Obaid Zazi, 28, a tall pipe cleaner of a Pashtun with the hair of a Rambo-era Sylvester Stallone, glides onto the catwalk in a white outfit featuring a spray of faceted emerald-colored pieces of glass around the neck and a matching iridescent green turban. He all but stalks the catwalk, sucking in his cheeks and striking poses like a dancer in a Madonna video. His extended family from Paktia province, another Taliban bastion, cut him off as soon as he joined the show. In his day job, he runs a cosmetics shop.
Geeta Walizada, 18, one of the two finalist women, then tiptoes on. As pretty as a doll in a hot-pink dress with mirrors and enough metal jewelry to add five pounds, Walizada barely smiles under her blue, pink, and silver eye shadow and heavy blush. After she first appeared on TV, her uncle and his family stopped talking to her family.
Then Khalwat, who studied in a secret school during the Taliban’s reign, stutters onto the stage in her green outfit. She stops mid-stage and sways from foot to foot. She stares at the ceiling, biting her lip. She looks upset. One judge starts to laugh. “Her clothes are not good,” she says. “She doesn’t look like she’s getting married. Her clothes are ugly.”
At the end of the wedding program comes Judgment Day. (Viewers vote for their top picks by text message on their mobile phones, and contestants campaign to win by handing out fliers and cards in public.) Only three are called back: the Kabul groom, the man from Kandahar with the handlebar mustache, and Khalwat. One of them has won the most text-message votes. One has barely squeaked by. And one has been voted off. Samir Sharifi, the host, is handed a piece of folded-up notebook paper with the verdict.
Maseeh Rahman Popalzai, 23, the model with the handlebar mustache, went to Kandahar to press the flesh and hand out business cards featuring tiny head shots and a phrase in English: We Believed to Improve our Natural Artist. His efforts obviously paid off—he has won the highest number of votes from viewers.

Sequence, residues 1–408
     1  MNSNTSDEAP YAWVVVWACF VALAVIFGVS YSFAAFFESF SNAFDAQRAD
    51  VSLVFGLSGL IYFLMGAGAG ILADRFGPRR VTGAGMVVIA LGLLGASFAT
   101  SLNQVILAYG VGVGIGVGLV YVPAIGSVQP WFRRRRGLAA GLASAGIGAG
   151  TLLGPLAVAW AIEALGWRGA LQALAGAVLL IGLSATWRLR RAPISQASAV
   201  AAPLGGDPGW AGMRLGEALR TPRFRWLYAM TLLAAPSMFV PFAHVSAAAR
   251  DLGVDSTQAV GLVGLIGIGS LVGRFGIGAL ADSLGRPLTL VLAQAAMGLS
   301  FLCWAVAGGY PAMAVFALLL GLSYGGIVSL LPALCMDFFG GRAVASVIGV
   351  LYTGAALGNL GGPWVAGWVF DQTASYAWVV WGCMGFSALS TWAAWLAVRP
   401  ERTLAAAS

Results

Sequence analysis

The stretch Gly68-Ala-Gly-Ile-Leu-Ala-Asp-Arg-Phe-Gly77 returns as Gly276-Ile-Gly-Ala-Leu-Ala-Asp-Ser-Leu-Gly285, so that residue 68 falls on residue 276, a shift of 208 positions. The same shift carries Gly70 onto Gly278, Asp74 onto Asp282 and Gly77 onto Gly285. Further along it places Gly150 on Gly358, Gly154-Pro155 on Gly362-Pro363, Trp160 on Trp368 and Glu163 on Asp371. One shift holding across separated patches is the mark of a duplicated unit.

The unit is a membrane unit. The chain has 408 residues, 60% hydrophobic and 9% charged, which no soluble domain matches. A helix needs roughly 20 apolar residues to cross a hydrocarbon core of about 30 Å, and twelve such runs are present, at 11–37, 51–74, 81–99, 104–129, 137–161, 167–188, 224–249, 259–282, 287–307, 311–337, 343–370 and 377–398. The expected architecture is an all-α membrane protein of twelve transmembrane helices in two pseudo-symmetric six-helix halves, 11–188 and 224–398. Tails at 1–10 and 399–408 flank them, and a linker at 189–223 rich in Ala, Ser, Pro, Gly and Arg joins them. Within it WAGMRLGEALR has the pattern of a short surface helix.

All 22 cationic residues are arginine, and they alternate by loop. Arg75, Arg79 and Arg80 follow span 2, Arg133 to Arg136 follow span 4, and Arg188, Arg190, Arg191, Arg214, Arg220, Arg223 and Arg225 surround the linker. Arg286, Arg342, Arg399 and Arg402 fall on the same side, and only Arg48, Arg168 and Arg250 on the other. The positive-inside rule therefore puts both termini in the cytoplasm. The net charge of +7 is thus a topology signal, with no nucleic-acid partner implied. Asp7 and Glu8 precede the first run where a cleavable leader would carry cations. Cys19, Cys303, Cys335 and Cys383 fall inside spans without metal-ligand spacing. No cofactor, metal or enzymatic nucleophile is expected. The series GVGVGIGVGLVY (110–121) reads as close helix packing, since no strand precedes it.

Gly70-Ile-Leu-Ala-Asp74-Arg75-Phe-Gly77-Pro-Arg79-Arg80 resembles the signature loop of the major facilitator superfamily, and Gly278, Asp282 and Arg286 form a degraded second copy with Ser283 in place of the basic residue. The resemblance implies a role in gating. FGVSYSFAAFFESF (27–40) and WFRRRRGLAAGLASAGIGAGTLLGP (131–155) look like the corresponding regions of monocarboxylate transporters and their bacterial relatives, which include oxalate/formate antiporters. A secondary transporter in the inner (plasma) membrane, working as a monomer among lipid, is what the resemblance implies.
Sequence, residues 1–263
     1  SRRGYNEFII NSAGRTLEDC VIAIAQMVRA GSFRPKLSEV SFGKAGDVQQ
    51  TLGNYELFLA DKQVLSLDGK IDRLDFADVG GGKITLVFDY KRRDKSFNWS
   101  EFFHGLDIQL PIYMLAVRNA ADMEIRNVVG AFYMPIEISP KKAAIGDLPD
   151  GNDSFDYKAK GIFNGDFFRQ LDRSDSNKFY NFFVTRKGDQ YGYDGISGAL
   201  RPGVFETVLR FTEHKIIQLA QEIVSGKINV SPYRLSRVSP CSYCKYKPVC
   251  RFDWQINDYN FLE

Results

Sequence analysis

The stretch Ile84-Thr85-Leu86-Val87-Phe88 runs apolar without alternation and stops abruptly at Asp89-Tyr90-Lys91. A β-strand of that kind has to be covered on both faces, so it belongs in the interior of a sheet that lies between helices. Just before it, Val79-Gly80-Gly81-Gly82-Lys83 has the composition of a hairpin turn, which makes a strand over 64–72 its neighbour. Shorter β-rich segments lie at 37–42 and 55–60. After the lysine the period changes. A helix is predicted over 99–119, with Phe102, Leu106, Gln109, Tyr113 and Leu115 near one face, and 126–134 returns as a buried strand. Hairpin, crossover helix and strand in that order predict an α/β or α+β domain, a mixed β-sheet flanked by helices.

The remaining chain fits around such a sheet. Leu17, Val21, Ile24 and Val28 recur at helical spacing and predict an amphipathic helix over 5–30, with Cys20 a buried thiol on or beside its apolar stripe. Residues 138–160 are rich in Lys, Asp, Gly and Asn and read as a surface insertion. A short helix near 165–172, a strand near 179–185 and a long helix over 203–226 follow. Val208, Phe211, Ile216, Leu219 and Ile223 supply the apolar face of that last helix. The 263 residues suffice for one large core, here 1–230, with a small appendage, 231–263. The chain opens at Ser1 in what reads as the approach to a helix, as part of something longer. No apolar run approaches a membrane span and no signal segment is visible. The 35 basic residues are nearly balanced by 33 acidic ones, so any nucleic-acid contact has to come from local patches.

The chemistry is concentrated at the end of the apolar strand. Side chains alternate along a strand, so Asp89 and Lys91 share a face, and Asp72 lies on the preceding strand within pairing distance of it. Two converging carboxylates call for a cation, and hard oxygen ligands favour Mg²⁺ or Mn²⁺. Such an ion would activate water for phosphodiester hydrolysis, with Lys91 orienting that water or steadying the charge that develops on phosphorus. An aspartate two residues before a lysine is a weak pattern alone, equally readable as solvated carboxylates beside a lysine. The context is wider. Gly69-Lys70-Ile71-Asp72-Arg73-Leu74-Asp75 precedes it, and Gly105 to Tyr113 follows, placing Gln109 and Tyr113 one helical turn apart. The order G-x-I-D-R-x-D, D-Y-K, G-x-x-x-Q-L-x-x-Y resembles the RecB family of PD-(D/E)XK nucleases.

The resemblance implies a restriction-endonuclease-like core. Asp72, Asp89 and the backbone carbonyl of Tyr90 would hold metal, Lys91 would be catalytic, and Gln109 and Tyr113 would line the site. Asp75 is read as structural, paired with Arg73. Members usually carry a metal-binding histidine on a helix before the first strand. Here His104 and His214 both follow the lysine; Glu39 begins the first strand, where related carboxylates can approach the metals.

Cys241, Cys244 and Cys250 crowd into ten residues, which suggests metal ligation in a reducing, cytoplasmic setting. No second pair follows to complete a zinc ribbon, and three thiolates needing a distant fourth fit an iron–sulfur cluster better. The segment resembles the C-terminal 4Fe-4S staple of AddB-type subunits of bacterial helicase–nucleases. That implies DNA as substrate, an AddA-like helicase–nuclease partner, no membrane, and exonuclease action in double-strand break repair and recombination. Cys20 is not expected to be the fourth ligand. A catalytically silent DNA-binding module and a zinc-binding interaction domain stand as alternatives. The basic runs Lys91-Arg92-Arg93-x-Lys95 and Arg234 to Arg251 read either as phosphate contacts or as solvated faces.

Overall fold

That leaves Khalwat and the Kabul groom. When asked what they think will happen, both say: “I think I will be eliminated.” Ultimately, after a lot of suspense, grimaces from both contestants, and a commercial break, the groom is kicked off.
Despite this, he lingers onstage, smiling and making happy small talk with the judges. Khalwat just stands there, looking at the ceiling and wringing her hands. She looks so uncomfortable, I figure she has been eliminated until my translator tells me otherwise. I wonder why she is on the show, when she is so clearly miserable.
Offstage, Khalwat’s 11-year-old brother, Bashir, talks excitedly about how both he and his sister are recognized on the streets of Kabul because of Afghan Model. Yet no one in the studio ever approaches to ask for an autograph or speak to them—instead, everyone gives Khalwat and her family a wide berth, maybe out of respect, or maybe out of fear. Just like Khalwat’s dreams of being a model, this reality-TV show represents more what might be than what is. In a country where advertising in glossy magazines seems years away, and a swimsuit competition as unlikely as lasting peace, Khalwat is no more than a brave, awkward woman celebrating some distant ideal of beauty. But maybe that’s what Afghanistan needs more of: some hope, some dreams, some fake eyelashes, and a homegrown vogue or two.